The entire atmos has been engulfed in clouds of dismay and gloom but from different corners of the world we also hear stories of courage, magnanimity and empowerment. Usually, movies depict state of affairs like these as total chaos, people going into frenzy, turning bloodthirsty for survival and so on. Although some people have contributed to mayhem by hoarding sanitizers, toilet papers and other necessary items and by spreading fake news and lies; it is well evident that during such a threatening pandemic we have not descended into anarchy. Videos from countries such as Spain and Italy are being shared in which residents can be seen holding musical concerts and singing to the tunes of famous songs, from their balconies in order to raise each other’s spirits. As the elderly is under the highest risk and advised to be under strict self – isolation, their neighbors, random strangers and numerous people on platforms like Nextdoor app are offering to help them buy groceries, medicines, etc. Many celebrities have also taken up the responsibility of spreading awareness and asking people not to panic. For instance, Ndlovu Youth Choir, a group of young South African singers released a catchy music video to raise awareness of proper hygiene and optimism.  Some even have donated to address the supply shortages of necessary goods and to food banks, while others decided to pay for the salaries of certain workers who will be greatly affected by the shutdown. Few celebrities have also come up with unique ways to help out like Josh Gad, the voice behind Olaf from Frozen, has been live streaming himself, reading from his favourite children’s book while Lizzo, an American singer, recently hosted a 30 minute meditation session on Instagram. The coronavirus outbreak has shown that the medical staff, sanitation workers, people running grocery shops, pharmacies and other authorities working day in and day out to aid us are the real heroes of current times, and the masses have recognized and appreciated their selfless service by clapping and beating thalis (steel plates). Another incredible aspect of this turmoil is the encouragement given to all to talk about any mental health issues they are facing, through means of social media and helpline numbers.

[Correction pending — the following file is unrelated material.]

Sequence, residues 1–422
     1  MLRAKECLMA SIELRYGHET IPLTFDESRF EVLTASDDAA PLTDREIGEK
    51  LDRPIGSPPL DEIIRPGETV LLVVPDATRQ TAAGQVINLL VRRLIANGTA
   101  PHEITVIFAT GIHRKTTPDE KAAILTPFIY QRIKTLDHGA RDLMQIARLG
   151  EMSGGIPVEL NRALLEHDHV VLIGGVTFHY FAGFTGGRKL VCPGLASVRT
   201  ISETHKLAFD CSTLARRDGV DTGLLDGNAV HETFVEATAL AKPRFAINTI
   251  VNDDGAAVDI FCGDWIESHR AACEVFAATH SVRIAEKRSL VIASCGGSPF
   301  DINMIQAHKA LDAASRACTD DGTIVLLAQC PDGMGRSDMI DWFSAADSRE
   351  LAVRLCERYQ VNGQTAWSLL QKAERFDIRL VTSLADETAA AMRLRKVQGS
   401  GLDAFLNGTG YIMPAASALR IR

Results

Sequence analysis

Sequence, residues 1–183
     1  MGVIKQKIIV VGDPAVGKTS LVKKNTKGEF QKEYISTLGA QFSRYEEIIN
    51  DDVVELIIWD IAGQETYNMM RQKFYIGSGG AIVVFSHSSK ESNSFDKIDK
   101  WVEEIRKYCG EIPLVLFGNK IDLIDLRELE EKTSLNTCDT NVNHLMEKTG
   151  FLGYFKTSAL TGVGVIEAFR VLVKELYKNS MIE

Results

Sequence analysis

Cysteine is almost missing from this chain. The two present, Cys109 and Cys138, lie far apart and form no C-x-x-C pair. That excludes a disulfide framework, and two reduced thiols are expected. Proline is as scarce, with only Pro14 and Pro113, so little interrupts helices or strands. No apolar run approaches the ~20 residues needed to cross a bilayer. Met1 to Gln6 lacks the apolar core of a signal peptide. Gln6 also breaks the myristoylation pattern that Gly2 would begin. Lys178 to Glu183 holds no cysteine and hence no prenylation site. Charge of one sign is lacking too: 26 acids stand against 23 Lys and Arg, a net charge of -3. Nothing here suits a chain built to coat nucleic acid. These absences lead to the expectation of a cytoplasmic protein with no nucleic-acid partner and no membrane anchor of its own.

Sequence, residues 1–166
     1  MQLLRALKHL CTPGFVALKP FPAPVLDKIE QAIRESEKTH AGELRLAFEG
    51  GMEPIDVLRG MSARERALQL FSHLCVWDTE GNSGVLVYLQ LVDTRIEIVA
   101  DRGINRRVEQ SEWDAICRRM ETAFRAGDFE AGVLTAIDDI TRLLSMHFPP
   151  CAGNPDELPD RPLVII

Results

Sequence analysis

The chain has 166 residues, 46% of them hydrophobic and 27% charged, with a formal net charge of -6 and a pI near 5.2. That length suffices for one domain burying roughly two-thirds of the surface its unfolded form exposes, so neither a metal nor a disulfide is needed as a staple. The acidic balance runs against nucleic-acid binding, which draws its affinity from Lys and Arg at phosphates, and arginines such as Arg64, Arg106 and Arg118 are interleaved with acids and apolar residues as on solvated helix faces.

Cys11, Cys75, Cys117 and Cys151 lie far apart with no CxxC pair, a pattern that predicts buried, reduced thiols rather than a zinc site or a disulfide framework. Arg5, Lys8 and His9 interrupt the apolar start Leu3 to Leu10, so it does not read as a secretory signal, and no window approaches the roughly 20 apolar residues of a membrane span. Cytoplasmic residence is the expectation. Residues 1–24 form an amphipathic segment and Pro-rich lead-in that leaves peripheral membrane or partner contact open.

Apart from all these positive and consoling instances, cases of hostility and racial discrimination have also been reported from different places. Incidents like a woman at an Australian supermarket allegedly pulled a knife on a man in a confrontation over toilet paper, a Singaporean student of Chinese ethnicity was beaten up on the streets of London, an Asian man was left stranded on a road in Egypt and bullied by the passers – by, and many North – eastern students in Delhi were taunted and called ‘Corona’; are not only infuriating but also show that some of us can stoop so low. This kind of demeanour and attitude is a thousand times more deadly than the virus itself. 

Rebecca Solnit, in her book ‘A Paradise Built in Hell: The Extraordinary Communities That Arise in Disaster’ (2011) which examines the resiliency of human beings during catastrophic times quoted, “Disaster doesn’t sort us out by preferences; it drags us into emergencies that require we act, and act altruistically, bravely, and with initiative in order to survive or save the neighbors, no matter how we vote or what we do for a living.” We must realize that all of us are dealing with a common enemy. This silent killer has already ruined many lives and families. It is high time that we shun our differences and contribute in whatever capacity to the higher cause of defeating COVID – 19 before it further ravages our lives. We must not let this crisis shatter our dreams and toilings rather use it to bring out the best in us and empower all. In the end, the ‘marvelous’ words of T’Challa from the movie Black Panther are sure to inspire us and must define our future course – 

“We will work to be an example of how we, as brothers and sisters on this earth, should treat each other. Now, more than ever, the illusions of division threaten our very existence. We all know the truth: more connects us than separates us. But in times of crisis the wise build bridges, while the foolish build barriers. We must find a way to look after one another, as if we were one single tribe.”

Image Credits – Nicolò Campo/LightRocket via Getty Images

Ipshika Ghosh

[email protected]